That is why Elliot came up with the four C’s of conservation: Connection, Curiosity, Creativity, and Collaboration. For him, it is all about educating and engaging people in the fight for animals, and changing their perspective on nature.
“Increasingly, we’re learning that animals are just as intelligent, just as complex as we are,” he says. “My life goal is reframing our relationship with nature. I think if we can reevaluate what it means to be human, then that is the ideal way to be able to live alongside animals.”
It is therefore a central part of Elliot’s work to make people appreciate the nature around them and build a community around a positive message on conservation. “The positive side of things is often lost when we talk about conservation,” he says. “In order to get people involved in the cause, you need a positive message about how we all can contribute our share to saving nature.”
Elliot’s Human Nature Projects is a successful example of this approach. He has an Excel spreadsheet on his computer, with the names and contact information of over 1,400 volunteers around the world, working to save endangered species.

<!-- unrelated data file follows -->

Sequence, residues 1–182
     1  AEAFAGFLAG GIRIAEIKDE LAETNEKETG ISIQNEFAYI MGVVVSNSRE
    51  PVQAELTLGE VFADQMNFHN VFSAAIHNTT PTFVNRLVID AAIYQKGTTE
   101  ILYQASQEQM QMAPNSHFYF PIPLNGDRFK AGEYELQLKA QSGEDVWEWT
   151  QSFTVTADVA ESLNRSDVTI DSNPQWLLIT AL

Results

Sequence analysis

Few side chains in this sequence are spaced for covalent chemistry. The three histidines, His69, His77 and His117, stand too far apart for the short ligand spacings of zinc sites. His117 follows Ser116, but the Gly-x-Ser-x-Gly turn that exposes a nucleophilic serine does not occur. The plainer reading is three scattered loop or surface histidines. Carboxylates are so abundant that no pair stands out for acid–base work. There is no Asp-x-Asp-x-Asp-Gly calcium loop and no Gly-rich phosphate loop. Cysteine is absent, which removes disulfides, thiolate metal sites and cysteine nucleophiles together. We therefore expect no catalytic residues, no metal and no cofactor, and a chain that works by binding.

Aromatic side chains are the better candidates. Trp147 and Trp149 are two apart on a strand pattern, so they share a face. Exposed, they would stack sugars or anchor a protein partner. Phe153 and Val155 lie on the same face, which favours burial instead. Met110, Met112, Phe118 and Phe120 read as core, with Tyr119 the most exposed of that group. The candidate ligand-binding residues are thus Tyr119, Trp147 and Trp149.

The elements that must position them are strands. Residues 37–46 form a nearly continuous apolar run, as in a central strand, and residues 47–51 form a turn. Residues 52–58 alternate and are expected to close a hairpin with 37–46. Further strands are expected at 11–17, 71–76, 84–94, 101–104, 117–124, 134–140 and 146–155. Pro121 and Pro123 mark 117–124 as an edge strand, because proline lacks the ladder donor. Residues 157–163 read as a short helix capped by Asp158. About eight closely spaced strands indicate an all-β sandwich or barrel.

“When I scroll through it, it feels amazing, I can’t quite describe it,” he says. “Seeing all of the volunteers conducting these amazing projects is definitely what drives me forward.”
When Elliot finishes high school in November, he is planning to take the Human Nature Projects to the next level. He has been dreaming of going into wildlife filming for a long time. Together with an international wildlife movie production company, he and his organization are planning to set up a website where 200 volunteers from around the world will produce a 24-hour live stream of wildlife in their home countries. Elliot is going to take a gap year to travel around the world, meet his fellow volunteers in person, and start working on the film project.
“You need to get out there and do something,” he says, and he adds, “Whatever you do, aim for the stars. If you miss, you will hit the moon.”
The least I can do is speak out for those who cannot speak for themselves.
Call to Action: Join Elliot’s Human Nature Projects: https://humannatureprojects.org/